The heroine of “Ready or Not” faces a lot more risks and troubles than she ever imagined, and that is the main source of naughty pleasure in this morbid black comedy film. Poor girl, she only wants to present herself well in front of her groom’s eccentric wealthy family, but, alas, she happens to pick a very dangerous game for them, and now she must play the game for surviving her increasingly perilous wedding night.
At first, everything looks mostly fine for Grace (Samara Weaving), a young woman who is soon going to be the wife of Daniel (Mark O’Brien), the second son of a very rich family who has prospered a lot in their board game manufacturing business for several generations. Daniel assures Grace that nothing will go wrong during their wedding, and Grace does not look that worried about encountering Daniel’s family, but it is very clear to us that some of Daniel’s family members are not so pleased about accepting Grace, who do not look that good enough to be their new family member in their viewpoint.
Anyway, Tony Le Domas (Henry Czerny) and his wife Becky (Andie MacDowell) respect their son’s decision, and the wedding ceremony is soon followed by the evening family meeting in their big family mansion, where Grace gets to know a bit more about Daniel’s family members and the long history of their successful board game manufacturing business. Not so surprisingly, Daniel’s family is quite serious about playing games, and Grace is not bothered at all when she is notified that there will be a ritual where she will be demanded to pick a game to be played by her and them after midnight.
Of course, as shown from Daniel’s concerned face full of anxiety and hesitation, Daniel and his family are not entirely honest about what they are going to do with Grace. When they finally instruct her to pick a game out of an antique box associated with a legendary benefactor of their family business, they all look utterly solemn and serious, and then they are all quite alarmed when her random pick turns out to be “Hide and Seek”.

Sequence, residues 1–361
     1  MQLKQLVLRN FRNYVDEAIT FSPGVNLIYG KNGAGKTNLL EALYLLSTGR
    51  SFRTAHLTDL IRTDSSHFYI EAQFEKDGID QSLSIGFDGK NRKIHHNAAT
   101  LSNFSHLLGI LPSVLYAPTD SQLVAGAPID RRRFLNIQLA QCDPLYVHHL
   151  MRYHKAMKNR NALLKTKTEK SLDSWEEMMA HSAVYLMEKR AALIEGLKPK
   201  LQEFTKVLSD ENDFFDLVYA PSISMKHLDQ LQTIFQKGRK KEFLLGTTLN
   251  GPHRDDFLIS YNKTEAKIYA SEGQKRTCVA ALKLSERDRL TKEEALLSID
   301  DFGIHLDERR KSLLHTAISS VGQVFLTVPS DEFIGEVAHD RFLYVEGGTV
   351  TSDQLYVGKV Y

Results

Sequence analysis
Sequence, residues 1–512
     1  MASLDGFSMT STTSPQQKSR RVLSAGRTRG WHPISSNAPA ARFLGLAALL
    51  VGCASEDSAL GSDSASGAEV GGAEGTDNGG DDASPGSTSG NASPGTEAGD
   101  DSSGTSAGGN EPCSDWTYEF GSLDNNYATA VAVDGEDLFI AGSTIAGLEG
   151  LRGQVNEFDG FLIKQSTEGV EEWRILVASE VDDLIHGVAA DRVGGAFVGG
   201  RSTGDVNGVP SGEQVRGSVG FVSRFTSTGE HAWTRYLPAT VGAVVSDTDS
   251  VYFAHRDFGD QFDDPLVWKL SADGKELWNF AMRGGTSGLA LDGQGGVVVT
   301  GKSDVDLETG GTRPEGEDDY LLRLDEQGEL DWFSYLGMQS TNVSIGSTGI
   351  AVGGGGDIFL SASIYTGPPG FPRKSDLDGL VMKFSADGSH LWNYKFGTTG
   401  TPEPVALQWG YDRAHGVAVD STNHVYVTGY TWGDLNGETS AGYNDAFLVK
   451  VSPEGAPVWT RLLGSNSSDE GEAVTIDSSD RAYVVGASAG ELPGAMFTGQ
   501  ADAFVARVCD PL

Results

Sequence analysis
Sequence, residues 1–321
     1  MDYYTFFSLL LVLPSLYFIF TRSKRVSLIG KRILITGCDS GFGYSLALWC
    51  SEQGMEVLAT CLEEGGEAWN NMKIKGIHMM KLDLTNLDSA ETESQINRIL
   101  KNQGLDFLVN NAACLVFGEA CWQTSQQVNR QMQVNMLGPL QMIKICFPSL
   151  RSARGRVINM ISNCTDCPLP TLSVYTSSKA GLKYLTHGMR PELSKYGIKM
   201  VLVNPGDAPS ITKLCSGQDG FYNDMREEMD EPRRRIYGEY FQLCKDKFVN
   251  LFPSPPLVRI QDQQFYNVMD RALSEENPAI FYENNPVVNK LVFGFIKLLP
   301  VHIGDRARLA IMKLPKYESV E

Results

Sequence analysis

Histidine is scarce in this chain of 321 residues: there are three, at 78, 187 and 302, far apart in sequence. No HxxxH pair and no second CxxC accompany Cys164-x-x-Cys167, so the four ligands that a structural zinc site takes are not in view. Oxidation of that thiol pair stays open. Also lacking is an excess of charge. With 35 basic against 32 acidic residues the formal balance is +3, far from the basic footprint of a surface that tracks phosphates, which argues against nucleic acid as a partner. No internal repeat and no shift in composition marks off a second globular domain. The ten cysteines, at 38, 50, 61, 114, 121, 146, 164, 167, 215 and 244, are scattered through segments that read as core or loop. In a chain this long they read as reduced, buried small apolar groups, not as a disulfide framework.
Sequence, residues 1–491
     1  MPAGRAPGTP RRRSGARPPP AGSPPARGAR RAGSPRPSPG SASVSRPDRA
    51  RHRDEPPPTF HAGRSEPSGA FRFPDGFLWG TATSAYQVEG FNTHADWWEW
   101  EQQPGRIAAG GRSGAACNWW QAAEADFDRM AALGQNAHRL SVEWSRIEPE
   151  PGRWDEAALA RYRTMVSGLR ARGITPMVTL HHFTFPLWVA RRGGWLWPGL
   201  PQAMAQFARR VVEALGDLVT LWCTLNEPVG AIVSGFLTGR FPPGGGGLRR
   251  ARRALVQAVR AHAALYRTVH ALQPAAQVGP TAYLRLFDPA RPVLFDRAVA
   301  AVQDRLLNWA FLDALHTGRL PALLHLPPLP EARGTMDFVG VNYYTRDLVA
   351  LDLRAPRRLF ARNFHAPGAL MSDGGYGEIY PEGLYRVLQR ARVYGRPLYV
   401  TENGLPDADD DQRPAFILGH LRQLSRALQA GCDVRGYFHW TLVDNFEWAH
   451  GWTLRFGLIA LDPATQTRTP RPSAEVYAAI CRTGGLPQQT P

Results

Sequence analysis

Because of the opening scene in the film, we already have a pretty good idea on what will happen sooner or later, but Grace still does not notice anything strange from her in-laws. After being told that all she has to do is hiding from them till the next morning, she willingly participates in the game without any suspicion, but it does not take much time for her to realize how serious her in-laws are about playing their game. While Daniel understandably refuses to join the game, all of his family members are ready to win the game by any means necessary, and they are equipped with various kinds of lethal objects to be used for the game while also assisted a bit by their loyal family butler, who shuts off all the surveillance cameras in the mansion for fair play but locks up every exit in the mansion.
As our unfortunate heroine tries to survive this dangerous circumstance as much as she can, the movie cheerfully doles out a number of sudden moments to shock and jolt us. While you may cringe a lot during these violent moments, they are mostly executed well with sharp comic timing at least, and I was particularly tickled by a grisly but outrageous moment resulted from the clumsy handling of a crossbow.
In the meantime, the screenplay by Guy Busick and R. Christopher Murphy gradually raises what is being at stake for Grace and other characters. While Grace becomes more determined to survive as going through several grueling moments including the one associated into a certain underground space, it turns out later in the story that her in-laws are not playing this game for mere sport, and we come to see more of how conflicted Daniel is. While he wants to help his wife survive as much as he can, he may have to give up everything in his life including his family in the end, and he hesitates more even though he does not like many of them much.
Under the competent direction of directors Matt Bettinelli-Olpin and Tyler Gillett, the movie continues to hold our attention even when it is approaching to its eventual finale, and Samara Weaving, who previously played a notable supporting role in “Three Billboards Outside Ebbing, Missouri” (2017), functions well as a plucky heroine we can root for, and she is also supported well by a bunch of colorful supporting players, who all have a ball with playing their broad archetype characters. While Mark O’Brien is effective as a nice guy constantly hesitating between love and family, Henry Czerny and Andie MacDowell enjoy every second of their juicy moments, and so do the other main cast members including Adam Brody, Melanie Scrofano, Kristian Bruun, Elyse Levesque, John Ralston, and Nicky Guadagni, who, as Daniel’s stern aunt, always grips our attention with her sourly disapproving stare.
Although it is not that twisty and devious compared to other similar films such as “Sleuth” (1972) and “Deathtrap” (1982), “Ready or Not” still entertains us well on the whole, and I enjoyed many of darkly humorous scenes in the film. Yes, you can instantly see what you are going to get from it, but it will not disappoint you at all as providing a fair share of naughty fun and excitement, and you will be satisfied enough in the end.